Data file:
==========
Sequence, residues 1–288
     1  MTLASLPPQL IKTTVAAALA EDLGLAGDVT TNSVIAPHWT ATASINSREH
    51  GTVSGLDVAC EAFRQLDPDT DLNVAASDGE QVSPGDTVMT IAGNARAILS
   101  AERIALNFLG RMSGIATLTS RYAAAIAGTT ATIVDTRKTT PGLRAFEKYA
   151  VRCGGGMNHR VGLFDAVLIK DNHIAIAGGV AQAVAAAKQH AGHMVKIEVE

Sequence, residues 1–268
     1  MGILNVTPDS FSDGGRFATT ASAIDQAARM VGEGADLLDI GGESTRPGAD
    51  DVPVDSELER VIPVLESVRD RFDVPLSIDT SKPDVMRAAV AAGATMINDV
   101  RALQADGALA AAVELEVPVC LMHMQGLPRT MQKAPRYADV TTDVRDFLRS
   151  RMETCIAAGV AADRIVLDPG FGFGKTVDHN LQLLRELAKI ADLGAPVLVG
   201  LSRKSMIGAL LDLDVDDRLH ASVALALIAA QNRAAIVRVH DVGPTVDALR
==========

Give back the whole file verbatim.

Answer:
Sequence, residues 1–288
     1  MTLASLPPQL IKTTVAAALA EDLGLAGDVT TNSVIAPHWT ATASINSREH
    51  GTVSGLDVAC EAFRQLDPDT DLNVAASDGE QVSPGDTVMT IAGNARAILS
   101  AERIALNFLG RMSGIATLTS RYAAAIAGTT ATIVDTRKTT PGLRAFEKYA
   151  VRCGGGMNHR VGLFDAVLIK DNHIAIAGGV AQAVAAAKQH AGHMVKIEVE

Sequence, residues 1–268
     1  MGILNVTPDS FSDGGRFATT ASAIDQAARM VGEGADLLDI GGESTRPGAD
    51  DVPVDSELER VIPVLESVRD RFDVPLSIDT SKPDVMRAAV AAGATMINDV
   101  RALQADGALA AAVELEVPVC LMHMQGLPRT MQKAPRYADV TTDVRDFLRS
   151  RMETCIAAGV AADRIVLDPG FGFGKTVDHN LQLLRELAKI ADLGAPVLVG
   201  LSRKSMIGAL LDLDVDDRLH ASVALALIAA QNRAAIVRVH DVGPTVDALR